heroic teachersAfter two years and hundreds of hours of interviews with teachers from public and charter schools across the nation, Katrina Fried distilled her conclusions about what she calls “heroic” teachers in a book called American Teacher: Heroes in the Classroom.

Her conclusion: Heroic teachers—that is, teachers whose students exhibit high test scores, high graduation rates, and high levels of engagement—are diverse in their teaching styles, yet they also share a common set of beliefs that other teachers don’t.

Below you’ll find five of the twelve distinguishing features of heroic teachers Fried describes in her book. If you would like to read the other seven, blogger Dana Truby has posted them here.

What distinguishes teachers from heroic teachers?

Heroic teachers follow one major rule—but they also know when to break it
Heroic teachers consistently follow one major rule: Be prepared. Yet heroic teachers are also flexible and willing to modify or even scrap plans and start from scratch. As Fried puts it, “Great teachers are human barometers—attuned to the shifting moods of their students and amorphous qualities of their surroundings.” Because of this, heroic teachers know when to throw out the rule book and follow their instinct.

Heroic teachers place essential human needs at the forefront of everything they do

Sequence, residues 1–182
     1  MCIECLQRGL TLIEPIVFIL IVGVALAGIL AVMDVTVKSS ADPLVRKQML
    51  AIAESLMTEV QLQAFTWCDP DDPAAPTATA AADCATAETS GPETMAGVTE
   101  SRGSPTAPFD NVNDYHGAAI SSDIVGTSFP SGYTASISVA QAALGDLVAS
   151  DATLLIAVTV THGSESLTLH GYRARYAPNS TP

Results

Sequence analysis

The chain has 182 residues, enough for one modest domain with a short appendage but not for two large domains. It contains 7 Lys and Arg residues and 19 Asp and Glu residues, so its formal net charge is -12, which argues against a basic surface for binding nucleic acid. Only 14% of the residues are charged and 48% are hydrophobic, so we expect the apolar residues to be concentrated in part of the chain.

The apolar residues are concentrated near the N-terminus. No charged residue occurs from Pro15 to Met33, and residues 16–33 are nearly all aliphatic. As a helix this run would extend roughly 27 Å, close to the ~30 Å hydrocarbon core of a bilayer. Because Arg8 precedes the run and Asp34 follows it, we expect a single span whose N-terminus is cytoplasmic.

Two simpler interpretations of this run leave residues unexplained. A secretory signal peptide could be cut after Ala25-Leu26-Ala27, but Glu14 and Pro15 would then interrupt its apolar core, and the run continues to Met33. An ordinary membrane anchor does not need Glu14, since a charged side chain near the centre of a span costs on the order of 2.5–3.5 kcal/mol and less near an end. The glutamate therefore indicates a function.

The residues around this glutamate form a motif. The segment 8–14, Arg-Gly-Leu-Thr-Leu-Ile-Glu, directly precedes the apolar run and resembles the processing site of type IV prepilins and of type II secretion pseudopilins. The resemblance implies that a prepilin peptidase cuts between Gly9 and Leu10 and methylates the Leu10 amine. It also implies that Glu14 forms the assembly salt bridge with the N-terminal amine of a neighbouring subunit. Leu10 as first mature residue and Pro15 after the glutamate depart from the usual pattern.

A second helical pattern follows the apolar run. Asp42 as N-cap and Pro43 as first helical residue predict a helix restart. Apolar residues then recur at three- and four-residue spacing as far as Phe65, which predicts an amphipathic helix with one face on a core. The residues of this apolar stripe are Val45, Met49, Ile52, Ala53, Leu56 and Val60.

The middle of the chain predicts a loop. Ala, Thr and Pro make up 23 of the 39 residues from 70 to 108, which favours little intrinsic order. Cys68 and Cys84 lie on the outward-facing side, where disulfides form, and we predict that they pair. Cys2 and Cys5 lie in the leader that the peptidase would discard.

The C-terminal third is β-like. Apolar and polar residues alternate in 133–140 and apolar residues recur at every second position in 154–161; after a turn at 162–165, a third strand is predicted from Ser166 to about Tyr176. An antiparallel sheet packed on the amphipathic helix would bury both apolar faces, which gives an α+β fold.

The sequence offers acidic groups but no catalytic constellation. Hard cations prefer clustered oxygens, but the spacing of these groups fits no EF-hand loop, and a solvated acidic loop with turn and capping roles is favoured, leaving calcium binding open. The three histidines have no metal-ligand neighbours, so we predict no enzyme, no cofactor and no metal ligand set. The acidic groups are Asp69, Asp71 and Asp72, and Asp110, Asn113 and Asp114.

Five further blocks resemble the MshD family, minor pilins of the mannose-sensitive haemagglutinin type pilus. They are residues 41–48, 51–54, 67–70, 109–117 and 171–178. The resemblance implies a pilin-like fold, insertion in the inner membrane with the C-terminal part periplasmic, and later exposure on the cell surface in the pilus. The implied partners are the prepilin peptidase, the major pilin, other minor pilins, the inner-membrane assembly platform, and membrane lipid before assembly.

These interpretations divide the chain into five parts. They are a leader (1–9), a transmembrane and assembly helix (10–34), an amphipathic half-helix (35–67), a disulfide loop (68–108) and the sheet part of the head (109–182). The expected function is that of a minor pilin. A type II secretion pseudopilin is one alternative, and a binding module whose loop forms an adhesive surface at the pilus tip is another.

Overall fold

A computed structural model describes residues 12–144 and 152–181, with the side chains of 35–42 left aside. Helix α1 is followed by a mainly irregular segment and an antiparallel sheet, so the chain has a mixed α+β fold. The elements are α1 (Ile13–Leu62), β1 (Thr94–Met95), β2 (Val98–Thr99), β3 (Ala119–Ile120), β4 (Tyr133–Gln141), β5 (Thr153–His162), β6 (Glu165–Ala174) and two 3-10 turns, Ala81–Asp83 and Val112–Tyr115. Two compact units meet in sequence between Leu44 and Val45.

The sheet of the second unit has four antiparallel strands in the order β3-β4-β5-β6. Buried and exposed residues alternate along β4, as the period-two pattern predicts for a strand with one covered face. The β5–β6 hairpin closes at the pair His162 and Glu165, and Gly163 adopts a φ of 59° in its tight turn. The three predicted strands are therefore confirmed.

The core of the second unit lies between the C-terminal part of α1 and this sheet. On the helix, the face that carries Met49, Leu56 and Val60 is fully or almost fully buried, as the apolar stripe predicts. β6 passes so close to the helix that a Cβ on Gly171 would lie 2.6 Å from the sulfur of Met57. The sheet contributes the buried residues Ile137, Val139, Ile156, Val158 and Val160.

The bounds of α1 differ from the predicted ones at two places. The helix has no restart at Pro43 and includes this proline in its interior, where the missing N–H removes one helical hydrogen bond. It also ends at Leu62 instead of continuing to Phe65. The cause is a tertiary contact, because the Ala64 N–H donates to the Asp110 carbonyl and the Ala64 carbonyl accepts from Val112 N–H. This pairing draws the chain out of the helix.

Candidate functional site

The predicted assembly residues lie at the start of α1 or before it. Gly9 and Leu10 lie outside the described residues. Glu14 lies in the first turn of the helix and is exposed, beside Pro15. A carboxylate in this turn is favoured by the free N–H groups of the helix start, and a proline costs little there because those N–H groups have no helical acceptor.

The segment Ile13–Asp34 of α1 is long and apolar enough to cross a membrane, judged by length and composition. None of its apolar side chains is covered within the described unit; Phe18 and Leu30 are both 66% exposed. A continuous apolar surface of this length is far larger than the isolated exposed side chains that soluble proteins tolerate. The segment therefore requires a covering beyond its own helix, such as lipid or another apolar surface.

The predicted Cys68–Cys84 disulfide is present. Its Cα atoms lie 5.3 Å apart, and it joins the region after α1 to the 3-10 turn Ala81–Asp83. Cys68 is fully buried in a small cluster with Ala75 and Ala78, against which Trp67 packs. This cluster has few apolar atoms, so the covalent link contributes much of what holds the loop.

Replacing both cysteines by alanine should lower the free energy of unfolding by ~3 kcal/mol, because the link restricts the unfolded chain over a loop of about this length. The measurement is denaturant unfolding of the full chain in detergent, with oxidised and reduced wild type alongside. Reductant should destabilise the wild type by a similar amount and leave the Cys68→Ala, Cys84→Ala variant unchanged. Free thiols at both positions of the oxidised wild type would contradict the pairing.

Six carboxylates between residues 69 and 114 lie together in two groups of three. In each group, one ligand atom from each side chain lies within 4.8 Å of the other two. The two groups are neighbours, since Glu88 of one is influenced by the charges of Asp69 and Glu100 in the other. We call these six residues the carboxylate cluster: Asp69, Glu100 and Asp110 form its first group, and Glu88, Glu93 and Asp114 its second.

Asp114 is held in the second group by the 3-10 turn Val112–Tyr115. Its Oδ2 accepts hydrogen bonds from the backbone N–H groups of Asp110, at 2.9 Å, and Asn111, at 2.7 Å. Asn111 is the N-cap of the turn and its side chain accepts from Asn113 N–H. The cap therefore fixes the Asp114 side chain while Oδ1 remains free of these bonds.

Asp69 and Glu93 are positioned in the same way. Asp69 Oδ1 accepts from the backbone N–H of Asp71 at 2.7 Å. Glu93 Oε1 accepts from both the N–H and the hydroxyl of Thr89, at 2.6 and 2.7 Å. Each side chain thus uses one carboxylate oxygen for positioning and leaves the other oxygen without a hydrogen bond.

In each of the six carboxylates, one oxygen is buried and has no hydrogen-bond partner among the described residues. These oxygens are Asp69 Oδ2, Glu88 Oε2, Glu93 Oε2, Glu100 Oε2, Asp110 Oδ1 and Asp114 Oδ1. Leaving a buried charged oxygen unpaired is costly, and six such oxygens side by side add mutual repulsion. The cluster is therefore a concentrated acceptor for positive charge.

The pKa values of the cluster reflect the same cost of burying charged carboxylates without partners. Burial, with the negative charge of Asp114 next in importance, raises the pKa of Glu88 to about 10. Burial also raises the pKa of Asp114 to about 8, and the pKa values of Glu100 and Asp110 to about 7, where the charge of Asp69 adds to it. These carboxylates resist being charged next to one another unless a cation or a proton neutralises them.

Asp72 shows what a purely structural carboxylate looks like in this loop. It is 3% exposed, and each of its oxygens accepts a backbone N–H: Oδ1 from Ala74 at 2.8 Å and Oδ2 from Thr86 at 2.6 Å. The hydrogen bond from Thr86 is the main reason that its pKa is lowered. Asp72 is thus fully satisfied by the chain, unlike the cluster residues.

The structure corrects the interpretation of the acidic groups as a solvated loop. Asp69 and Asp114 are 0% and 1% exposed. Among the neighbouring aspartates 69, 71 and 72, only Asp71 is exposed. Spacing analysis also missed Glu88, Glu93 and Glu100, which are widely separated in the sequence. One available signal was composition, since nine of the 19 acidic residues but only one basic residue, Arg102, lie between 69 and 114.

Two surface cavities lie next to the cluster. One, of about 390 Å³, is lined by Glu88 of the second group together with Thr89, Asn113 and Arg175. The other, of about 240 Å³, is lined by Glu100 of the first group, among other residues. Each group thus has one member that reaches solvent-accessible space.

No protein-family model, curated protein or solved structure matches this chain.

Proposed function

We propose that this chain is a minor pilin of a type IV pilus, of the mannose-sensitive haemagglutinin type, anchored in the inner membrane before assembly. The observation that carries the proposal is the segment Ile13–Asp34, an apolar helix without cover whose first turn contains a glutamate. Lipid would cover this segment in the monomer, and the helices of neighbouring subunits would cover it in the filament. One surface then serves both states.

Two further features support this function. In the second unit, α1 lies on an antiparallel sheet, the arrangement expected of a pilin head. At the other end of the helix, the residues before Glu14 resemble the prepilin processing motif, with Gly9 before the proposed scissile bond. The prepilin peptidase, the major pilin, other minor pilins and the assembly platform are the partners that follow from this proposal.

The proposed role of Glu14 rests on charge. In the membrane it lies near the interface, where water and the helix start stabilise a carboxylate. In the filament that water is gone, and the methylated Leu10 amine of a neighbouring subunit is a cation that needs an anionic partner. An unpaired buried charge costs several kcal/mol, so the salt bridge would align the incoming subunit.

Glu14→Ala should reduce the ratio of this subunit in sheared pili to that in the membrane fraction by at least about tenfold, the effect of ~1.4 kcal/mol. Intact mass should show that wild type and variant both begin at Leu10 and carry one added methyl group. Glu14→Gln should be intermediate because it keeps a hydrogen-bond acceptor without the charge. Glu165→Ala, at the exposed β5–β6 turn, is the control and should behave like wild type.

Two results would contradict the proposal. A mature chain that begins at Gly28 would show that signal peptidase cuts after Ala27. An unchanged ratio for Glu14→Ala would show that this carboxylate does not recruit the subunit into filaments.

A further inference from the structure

Great teachers know that taking the time to foster a classroom culture that’s built on mutual respect and tolerance sets the stage for authentic learning.

Creating a vibrant classroom culture means that there must be, as one of Fried’s interviewees puts it, a “synergy in the room…a familial atmosphere” that places essential human needs at the forefront of everything students and teachers do. 

Heroic teachers bring their passions into the classroom
Your passion for rock and roll, Shakespeare and post-modern art may not be a part of your curriculum, but heroic teachers find creative ways to bring their passions into the classroom, regardless of what they are.

Why? Because they know that teaching what they love has the power to influence the culture of a school. Take Daryl Bilandzija, one of the teachers Fried interviewed for her book: His commitment to environmental stewardship moved him to turn a half-acre of his school’s campus into an Edible Learning Garden, which has transformed the identity of Odyssey Charter School in Altadena, California, and “put it on the map.”